Knowing the difference between first-party and third-party insurance is imperative to recovering your property quickly after a large-scale disaster. Policyholders have a limited amount of time to act and, unfortunately, often find their claims delayed, underpaid, or denied without the proper recourse.
First-Party Insurance Claims
A first-party insurance claim is between the policyholder and their insurance company. Generally, most fire, flood, and other property damage claims are first-party claims. Policyholders file these claims against their own insurance companies.
An example of a first-party insurance claim would be a homeowner whose home sustains damage during a hurricane. In this case, the homeowner files a claim with the insurance company to cover the damage and compensate according to what is included in the policy.
Policyholders also have a duty to comply with reasonable insurance company requests, such as document production. Usually, if the policyholder checks all the right boxes, the insurance company must promptly pay.
If the company drags its feet or, as mentioned, cites an obscure technicality, a Houston insurance lawyer may file a bad faith claim against the company. If the policyholder establishes bad faith, the company must pay damages, at least in most cases. As a result, these claims often settle quickly.
Property insurance companies have a legal duty to pay the total insured property value (depreciation doesn’t count) after an event like:
- Fire: Frequently, the smoke that flames generate or the water that emergency responders use to put out fires do more property damage than the flames. Property insurance might also cover personal injury losses, like smoke inhalation injuries. Other times, workers’ compensation covers these losses.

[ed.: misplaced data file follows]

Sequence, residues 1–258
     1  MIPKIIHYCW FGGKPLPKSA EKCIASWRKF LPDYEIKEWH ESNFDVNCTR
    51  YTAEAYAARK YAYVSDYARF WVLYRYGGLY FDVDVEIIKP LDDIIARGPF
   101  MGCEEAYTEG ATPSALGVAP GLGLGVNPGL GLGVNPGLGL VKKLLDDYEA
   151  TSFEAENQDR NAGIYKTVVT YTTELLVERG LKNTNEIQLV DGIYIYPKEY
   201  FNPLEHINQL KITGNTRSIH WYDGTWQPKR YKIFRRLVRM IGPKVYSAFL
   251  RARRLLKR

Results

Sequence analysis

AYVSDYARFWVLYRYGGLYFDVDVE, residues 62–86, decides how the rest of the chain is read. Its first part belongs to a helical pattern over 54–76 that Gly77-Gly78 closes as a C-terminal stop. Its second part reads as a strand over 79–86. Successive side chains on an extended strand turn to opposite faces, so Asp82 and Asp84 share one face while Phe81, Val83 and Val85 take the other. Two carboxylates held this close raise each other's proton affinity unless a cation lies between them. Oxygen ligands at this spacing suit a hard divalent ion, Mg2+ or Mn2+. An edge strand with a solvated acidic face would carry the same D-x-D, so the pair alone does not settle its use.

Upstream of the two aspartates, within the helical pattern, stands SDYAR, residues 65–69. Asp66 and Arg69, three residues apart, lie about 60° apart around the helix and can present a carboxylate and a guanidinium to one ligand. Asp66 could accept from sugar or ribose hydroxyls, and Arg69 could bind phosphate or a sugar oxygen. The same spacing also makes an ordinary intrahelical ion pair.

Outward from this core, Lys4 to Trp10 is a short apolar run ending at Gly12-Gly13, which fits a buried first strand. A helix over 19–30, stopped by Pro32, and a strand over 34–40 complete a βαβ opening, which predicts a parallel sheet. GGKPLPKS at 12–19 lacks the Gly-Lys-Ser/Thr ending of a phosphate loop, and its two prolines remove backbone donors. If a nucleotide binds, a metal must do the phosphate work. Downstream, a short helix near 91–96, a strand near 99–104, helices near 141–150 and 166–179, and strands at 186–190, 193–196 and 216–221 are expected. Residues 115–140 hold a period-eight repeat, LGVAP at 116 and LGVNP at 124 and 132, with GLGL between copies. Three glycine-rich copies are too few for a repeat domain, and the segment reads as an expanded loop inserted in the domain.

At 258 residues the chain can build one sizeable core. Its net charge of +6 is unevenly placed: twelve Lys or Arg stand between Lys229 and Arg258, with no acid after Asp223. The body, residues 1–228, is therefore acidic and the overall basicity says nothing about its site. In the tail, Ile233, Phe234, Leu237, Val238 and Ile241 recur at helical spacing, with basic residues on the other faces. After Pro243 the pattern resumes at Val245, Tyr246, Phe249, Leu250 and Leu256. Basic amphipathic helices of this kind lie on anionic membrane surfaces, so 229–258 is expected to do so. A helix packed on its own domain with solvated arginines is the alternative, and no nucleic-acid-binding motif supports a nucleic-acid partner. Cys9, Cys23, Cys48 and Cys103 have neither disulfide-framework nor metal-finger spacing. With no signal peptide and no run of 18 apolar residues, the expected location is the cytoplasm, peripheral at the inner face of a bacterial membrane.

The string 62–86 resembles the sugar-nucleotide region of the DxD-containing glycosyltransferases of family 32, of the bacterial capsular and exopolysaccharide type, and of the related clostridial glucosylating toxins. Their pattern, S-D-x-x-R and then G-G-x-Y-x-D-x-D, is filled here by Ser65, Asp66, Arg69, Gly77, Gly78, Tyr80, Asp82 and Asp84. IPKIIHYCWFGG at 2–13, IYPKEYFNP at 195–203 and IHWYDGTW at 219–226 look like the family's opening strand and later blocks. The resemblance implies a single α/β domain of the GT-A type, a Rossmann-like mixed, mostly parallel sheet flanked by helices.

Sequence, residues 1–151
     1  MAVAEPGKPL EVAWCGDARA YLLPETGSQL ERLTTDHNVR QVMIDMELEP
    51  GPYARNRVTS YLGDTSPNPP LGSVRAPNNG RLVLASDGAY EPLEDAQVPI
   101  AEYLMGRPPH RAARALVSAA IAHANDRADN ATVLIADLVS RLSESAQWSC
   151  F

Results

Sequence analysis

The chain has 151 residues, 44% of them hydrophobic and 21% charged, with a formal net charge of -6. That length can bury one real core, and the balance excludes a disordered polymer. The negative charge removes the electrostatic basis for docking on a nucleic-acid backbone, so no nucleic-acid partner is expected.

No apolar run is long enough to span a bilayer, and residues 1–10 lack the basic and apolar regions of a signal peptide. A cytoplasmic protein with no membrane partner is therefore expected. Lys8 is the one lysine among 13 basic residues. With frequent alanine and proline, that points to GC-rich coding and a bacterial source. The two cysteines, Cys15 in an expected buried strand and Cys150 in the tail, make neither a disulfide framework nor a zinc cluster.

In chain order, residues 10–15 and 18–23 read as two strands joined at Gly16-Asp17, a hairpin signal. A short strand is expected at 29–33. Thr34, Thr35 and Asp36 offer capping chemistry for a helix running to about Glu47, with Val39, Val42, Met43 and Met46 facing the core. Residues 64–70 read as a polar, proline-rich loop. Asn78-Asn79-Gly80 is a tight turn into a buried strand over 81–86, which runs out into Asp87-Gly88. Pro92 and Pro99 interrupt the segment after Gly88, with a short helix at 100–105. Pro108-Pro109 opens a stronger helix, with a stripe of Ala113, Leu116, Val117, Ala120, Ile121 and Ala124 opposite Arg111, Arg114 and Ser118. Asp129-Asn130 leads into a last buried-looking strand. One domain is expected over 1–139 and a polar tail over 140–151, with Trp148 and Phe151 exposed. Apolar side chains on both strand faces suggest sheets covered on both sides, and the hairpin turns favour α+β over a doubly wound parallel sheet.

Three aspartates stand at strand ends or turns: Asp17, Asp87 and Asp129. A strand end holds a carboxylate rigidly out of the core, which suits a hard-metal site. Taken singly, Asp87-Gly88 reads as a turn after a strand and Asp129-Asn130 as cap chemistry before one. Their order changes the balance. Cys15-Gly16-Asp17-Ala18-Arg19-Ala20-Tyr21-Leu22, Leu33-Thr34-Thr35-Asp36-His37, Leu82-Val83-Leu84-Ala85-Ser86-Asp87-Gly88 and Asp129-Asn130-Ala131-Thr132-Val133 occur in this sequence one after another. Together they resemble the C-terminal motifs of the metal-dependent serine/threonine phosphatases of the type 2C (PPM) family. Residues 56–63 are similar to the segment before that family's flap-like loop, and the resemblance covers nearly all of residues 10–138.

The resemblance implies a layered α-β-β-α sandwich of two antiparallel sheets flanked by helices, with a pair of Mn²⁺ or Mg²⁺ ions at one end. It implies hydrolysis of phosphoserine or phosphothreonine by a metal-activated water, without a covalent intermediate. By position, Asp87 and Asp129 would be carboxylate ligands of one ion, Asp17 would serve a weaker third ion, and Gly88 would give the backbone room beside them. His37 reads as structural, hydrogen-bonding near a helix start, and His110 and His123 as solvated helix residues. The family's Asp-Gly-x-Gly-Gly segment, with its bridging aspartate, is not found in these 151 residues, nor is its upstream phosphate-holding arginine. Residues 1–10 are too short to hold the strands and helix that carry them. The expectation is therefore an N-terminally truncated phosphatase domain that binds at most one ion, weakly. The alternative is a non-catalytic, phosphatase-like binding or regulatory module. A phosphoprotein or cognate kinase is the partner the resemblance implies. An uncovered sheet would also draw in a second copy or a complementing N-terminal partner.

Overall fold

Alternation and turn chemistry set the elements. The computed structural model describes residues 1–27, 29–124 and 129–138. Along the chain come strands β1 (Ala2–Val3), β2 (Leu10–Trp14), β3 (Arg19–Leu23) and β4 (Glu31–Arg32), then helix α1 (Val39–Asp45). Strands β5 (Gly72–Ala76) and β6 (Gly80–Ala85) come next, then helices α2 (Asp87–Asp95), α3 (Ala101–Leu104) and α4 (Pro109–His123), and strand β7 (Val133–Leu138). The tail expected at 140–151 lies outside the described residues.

- Flood: As little as three inches of water could make a room, or an entire house, unlivable. The aforementioned legal duty doesn’t allow insurance companies to provide a cheap, quick fix and walk away. They must fully restore the property, if at all possible.
- Storms: We’re quite familiar with floods in Greater Houston. Unfortunately, storms usually inflict much more damage than that. High winds topple trees, destroy roofs, and knock over power lines. The live electric wires frequently cause devastating fires. Although storms affect hundreds or thousands of homeowners, insurance companies cannot drag their feet when it comes to analyzing and paying claims.
Third-Party Insurance Claims
A third-party insurance claim is between three parties: the policyholder, the insurance company, and another individual. The claim is made by the individual, not the policyholder or insurance company. Liability claims are the most common type of third-party insurance claim. For example, if you cause a motor vehicle accident that injures another driver or passenger, the injured person can file a liability claim against your insurance company.
Almost all personal injury claims are third-party claims. The tortfeasor’s insurance company must pay the victim’s damages if a Houston personal injury attorney proves negligence, or a lack of care, by a preponderance of the evidence, or more likely than not.
This process also applies to third-party claims against another person’s homeowners or business insurance in situations like swimming pool drownings, falls, and dog bites.
Most third-party claims, like most first-party claims, settle out of court. However, the settlement process is usually longer in third-party claims. If Sam files a property damage claim against his insurance company, the company is usually motivated to settle claims it considers legitimate. It wants to keep its paying customer happy. If Tina hits Sam and Sam files a claim against Tina’s insurance company, the company usually fights the claim tooth and nail.
Incidentally, the insurance company is responsible for all costs, including legal fees, in third-party claims.
Why You May Want to Call A Lawyer
Property damage investigations must be prompt, thorough, and transparent. Usually, no matter how many policyholders were affected, insurance companies must launch investigations within about a month. Adjusters cannot rubber-stamp claims as “paid” or “denied.” Adjusters also cannot do anything behind closed doors, such as call their bosses to confirm their findings.
Insurance fraud or policyholder misconduct, such as missing a payment, terminates these obligations. If an insurance company cannot find misconduct or fraud, it often uses obscure loopholes to deny coverage. Such denials rarely hold up in court.
Catchy TV commercial jingles claim that an insurance company is “on your side” when you suffer losses. However, insurance companies only care about their bottom lines. Paying claims means losing money, and no one likes losing money. At Williams Hart & Boundas, our Houston property insurance lawyers will strongly advocate for victims to ensure maximum compensation for their losses.